Where the Parties Stand on Renewable Energy

Where the Parties Stand on Renewable Energy
Posted on June 11, 2014 | Community Power | Written on June 11, 2014
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Author's Note:

Author's Note:

An open letter to Ontarians. Find out where the parties stand on renewable energy!

Liberals: When in government, the Liberals committed to continuing the microFIT renewable energy program and the larger FIT program for projects smaller than 500 kW.  However, it extended the target date for securing 10,700 megawatts of power through these and other programs to 2021.  It also cancelled the FIT program for large generation projects (mostly wind), opting to return to a conventional “Request for Proposals” (competitive bidding) approach instead. The Liberal platform states that the party "will continue to invest in clean green energy, with 20,000 MW of renewable energy online by 2025, including hydro-electric, wind, solar, and bioenergy sources."

Progressive Conservatives:  The Progressive Conservatives are vowing to scrap both the FIT and microFIT renewable energy programs, blaming renewable energy for a rise in Ontario electricity prices despite the fact that wind and solar currently account for only 8% of Ontario’s electricity supply.  The PCs would instead opt for new and rebuilt nuclear plants, natural-gas fired generation and new large hydro-electric projects.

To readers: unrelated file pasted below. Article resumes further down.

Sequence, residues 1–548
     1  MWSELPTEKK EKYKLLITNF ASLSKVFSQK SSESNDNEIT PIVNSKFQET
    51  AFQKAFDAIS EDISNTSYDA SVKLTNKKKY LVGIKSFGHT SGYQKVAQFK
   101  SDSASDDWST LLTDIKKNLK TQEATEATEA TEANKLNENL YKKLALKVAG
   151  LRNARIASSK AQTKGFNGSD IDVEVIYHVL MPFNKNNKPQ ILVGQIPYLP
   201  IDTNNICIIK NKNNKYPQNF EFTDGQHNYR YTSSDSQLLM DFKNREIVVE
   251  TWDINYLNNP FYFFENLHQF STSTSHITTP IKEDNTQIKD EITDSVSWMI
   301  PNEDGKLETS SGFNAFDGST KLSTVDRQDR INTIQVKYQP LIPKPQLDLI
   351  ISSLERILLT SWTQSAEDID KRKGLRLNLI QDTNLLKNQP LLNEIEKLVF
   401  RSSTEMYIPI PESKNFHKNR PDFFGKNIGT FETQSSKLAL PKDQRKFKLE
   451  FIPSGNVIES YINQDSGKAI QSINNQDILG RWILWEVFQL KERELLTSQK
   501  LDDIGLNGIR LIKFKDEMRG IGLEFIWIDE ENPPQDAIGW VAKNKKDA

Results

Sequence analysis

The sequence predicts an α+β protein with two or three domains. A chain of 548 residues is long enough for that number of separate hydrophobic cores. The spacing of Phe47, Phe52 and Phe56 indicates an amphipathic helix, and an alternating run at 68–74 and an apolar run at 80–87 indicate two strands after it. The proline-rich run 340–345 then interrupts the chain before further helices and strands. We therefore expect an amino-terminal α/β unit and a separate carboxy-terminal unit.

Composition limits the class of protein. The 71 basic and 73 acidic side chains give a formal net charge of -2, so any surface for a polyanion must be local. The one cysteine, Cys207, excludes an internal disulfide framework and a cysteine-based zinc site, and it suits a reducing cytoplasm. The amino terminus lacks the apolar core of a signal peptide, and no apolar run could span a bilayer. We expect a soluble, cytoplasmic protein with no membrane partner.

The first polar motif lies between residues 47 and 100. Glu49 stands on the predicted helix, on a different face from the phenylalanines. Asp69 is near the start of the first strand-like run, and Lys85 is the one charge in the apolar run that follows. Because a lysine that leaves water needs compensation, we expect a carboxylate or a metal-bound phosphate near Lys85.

NDP: The NDP is promising to remove the provincial portion of the HST from hydro bills.  The party is opposed to new and rebuilt nuclear projects.  It is also proposing a revolving loan fund to help homeowners retrofit their homes and add solar panels. The NDP told a group of Ontario environmental organizations that "The Ontario NDP strongly supports bringing clean, renewable energy online."

Greens: In this election, the Greens are focusing on energy conservation, promising a $4,000 home energy retrofit grant for eligible homeowners and on-utility-bill financing for energy efficiency improvements.  The Green Party says it wants an energy plan that  “prioritizes financially responsible investments in clean, low-cost sources of new power generation . . . over new or re-built nuclear reactors.”  According to the Green Party Energy 2011 Energy Strategy, the party would “Insist on meaningful local participation in energy projects, support micro generation, and community-based renewable that generate local benefits.

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The community power sector is tapping into the power of people to advance renewable energy across Ontario. Through community co-operatives, we bring together average Ontarians to invest in large renewable power... More